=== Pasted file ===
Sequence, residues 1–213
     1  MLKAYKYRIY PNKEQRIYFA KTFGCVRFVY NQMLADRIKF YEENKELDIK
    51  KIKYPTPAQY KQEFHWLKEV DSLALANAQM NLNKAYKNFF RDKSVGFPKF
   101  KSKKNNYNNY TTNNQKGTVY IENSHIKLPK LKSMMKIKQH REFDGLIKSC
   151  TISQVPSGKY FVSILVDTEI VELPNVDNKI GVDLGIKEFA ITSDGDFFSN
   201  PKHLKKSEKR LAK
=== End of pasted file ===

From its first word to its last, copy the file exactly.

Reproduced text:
Sequence, residues 1–213
     1  MLKAYKYRIY PNKEQRIYFA KTFGCVRFVY NQMLADRIKF YEENKELDIK
    51  KIKYPTPAQY KQEFHWLKEV DSLALANAQM NLNKAYKNFF RDKSVGFPKF
   101  KSKKNNYNNY TTNNQKGTVY IENSHIKLPK LKSMMKIKQH REFDGLIKSC
   151  TISQVPSGKY FVSILVDTEI VELPNVDNKI GVDLGIKEFA ITSDGDFFSN
   201  PKHLKKSEKR LAK